Before launching any product or service, you likely spent a lot of time planning ahead. One concept that demands some of this planning is called a QMS, or quality management system. A QMS is a set of processes specifically designed and deployed to satisfy the needs of your customers.
With a QMS, everyone from upper management to hourly employees and suppliers work together to achieve one goal, making sure the customer is satisfied and taken care of. You can read more about the system itself and the ISO 9001:2015 standard at Core Solution.
Keep in mind, a quality team or quality control process may be part of a complete QMS, but they are not necessarily the same thing. You don’t need to have a quality control system in place to satisfy your customers, though it is a good idea.
Everything centres on a quality objective, which is bolstered by a customer focus, additional resources and necessary processes. These elements are called “drivers” of the QMS system. The next stage — “enablers,” as they are called — includes continual improvement of these systems, and data-based analytics to achieve said improvement. Finally, the result is that customers are and remain satisfied throughout the experience and relationship with your brand.
What does a QMS offer an organisation, however?
Paper trails are a necessary evil. They also tend to be difficult to maintain and organise, especially as they grow over time. One aspect of a QMS is to accurately document processes and reactions, making an unbiased approach possible. Obviously, without this unbiased approach, it’s much more difficult to satisfy a customer’s needs, especially when they don’t align with your current goals and procedures. The analytics portion of a QMS tracks, stores and records everything for later, but, more importantly, organises information if any auditing concerns arise.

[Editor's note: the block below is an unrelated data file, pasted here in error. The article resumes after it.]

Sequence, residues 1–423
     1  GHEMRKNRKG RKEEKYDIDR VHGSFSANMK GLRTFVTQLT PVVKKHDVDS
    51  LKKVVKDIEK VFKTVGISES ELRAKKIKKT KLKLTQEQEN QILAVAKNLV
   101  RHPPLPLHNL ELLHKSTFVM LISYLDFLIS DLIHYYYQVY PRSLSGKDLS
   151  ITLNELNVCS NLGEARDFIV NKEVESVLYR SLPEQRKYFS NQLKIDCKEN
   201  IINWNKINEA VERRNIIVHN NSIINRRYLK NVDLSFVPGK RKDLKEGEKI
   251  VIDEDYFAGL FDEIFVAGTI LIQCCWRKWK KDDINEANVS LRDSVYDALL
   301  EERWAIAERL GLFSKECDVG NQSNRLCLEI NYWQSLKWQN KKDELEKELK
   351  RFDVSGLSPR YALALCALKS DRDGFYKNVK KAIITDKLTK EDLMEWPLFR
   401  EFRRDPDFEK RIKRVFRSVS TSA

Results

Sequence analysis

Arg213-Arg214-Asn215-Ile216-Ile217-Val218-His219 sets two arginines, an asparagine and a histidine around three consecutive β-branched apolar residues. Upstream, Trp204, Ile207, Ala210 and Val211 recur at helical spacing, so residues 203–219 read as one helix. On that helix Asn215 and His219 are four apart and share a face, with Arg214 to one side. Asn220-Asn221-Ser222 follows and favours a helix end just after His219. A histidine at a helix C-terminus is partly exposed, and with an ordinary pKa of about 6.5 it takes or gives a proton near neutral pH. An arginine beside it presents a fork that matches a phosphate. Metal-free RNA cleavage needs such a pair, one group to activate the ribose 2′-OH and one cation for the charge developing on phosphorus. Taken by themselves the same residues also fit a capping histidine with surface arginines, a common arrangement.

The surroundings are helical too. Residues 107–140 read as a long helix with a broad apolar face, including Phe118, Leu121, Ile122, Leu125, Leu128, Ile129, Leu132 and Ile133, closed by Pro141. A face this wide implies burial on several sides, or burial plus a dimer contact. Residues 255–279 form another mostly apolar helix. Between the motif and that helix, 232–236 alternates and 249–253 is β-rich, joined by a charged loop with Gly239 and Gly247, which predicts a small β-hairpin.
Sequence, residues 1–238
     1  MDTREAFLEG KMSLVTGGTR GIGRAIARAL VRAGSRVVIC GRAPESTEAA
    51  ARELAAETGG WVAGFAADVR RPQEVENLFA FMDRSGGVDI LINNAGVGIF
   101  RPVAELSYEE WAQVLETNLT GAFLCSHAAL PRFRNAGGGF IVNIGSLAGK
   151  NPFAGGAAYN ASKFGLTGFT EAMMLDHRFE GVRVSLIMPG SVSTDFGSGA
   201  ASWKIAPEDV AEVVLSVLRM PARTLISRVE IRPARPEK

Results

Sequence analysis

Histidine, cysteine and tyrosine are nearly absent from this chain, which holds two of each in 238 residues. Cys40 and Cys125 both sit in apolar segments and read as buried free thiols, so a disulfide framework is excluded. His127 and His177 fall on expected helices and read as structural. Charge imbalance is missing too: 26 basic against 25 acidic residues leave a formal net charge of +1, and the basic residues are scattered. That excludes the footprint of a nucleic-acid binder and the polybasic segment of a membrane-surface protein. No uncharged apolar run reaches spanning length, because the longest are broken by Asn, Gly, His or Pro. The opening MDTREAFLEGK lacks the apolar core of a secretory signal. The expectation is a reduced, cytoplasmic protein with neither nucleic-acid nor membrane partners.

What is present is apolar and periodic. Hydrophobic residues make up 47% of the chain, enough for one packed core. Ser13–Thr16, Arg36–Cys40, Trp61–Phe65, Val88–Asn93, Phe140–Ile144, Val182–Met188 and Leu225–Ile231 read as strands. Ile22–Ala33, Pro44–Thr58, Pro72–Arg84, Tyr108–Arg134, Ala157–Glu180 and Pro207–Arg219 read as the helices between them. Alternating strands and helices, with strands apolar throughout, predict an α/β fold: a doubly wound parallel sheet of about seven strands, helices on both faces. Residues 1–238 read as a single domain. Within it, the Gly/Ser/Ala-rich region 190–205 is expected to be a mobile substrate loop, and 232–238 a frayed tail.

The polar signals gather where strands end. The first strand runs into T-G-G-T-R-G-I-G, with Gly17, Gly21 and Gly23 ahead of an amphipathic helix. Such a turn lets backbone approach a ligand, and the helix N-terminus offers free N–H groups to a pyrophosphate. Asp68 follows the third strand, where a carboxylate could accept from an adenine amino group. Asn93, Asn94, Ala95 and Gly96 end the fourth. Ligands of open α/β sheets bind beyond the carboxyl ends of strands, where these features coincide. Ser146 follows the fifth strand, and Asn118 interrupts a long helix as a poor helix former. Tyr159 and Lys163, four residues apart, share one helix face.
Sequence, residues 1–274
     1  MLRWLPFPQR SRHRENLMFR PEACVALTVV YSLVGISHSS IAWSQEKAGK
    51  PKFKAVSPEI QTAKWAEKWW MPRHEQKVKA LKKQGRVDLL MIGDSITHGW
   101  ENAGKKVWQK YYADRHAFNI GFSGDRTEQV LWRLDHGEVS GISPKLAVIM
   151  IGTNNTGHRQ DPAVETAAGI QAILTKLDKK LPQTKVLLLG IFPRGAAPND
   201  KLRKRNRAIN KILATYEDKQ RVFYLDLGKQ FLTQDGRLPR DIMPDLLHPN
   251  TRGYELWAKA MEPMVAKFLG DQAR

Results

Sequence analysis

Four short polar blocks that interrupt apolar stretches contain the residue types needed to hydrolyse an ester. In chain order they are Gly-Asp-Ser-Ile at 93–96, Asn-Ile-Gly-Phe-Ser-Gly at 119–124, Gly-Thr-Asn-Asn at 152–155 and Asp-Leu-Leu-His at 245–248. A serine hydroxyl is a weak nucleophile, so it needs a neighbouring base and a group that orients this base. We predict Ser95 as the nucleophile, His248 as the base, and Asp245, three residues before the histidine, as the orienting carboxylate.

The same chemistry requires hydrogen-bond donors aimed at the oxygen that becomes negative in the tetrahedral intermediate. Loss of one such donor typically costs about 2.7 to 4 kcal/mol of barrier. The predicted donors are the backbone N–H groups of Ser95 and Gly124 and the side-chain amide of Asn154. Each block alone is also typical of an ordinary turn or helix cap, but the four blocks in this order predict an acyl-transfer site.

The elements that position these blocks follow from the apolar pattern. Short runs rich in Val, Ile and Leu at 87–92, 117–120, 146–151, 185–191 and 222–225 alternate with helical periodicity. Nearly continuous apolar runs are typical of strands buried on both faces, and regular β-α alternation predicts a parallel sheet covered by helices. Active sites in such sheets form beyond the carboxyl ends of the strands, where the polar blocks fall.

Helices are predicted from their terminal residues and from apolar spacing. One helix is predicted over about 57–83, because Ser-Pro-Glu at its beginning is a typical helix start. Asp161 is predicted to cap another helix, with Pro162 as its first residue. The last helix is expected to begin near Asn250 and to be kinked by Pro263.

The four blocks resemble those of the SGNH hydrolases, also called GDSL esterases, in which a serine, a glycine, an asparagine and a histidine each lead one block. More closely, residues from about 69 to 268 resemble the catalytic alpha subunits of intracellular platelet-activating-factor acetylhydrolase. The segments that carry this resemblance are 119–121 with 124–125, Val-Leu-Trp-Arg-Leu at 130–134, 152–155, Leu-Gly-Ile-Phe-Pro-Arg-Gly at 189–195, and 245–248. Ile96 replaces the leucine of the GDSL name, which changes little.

In general, you want to keep your customers happy, and that means listening and reacting to their concerns and demands as soon as humanly possible. The problem, however, is that in an organisation — especially a large one — this doesn’t happen as quickly or as often as it should. A QMS effectively allows you to identify problems before they cost you a great deal of customers, and then fix or take action to resolve whatever it is. Considering a business only hears from 4 percent of its total dissatisfied customer base, the information and details that are flowing in as part of the organisation process can help any business improve processes.
Everything about your business, from the products to the revenue flowing in, is all tied to your customer base. If they are not happy, loyal and supportive of your brand, you’re going to run into some serious issues. Strengthening your customer base calls for a systemic approach to boosting happiness — which is possible, thanks to the customer feedback portion of a QMS. Your clientele gets the opportunity to share their experiences, and you can use this information to fine-tune your plan. Remember, loyal customers are worth up to 10 times as much as their first purchase, largely because they offer repeat business and free word-of-mouth recommendations.
A QMS may be all about the customers, but that’s not the only relationship that benefits from having this valuable system in place. It also helps improve your relationships and communication with vendors and suppliers. Naturally, when your business does well, your vendors and suppliers experience that success, too. But more importantly, the reliance on organisational measures and heavy documentation means you can follow what’s happening — sometimes in painstaking detail. This level of detail allows you to assess the current landscape faster and more efficiently, and take action when necessary.
Another natural part of implementing a QMS is involving your employees and general workforce more in the planning and development of these systems. They become both more engaged and more valued, boosting their happiness and efficiency.
It’s a domino effect of having a solid QMS in place. This is crucial, because disengaged employees can cost an organisation anywhere from $450 to $550 billion annually.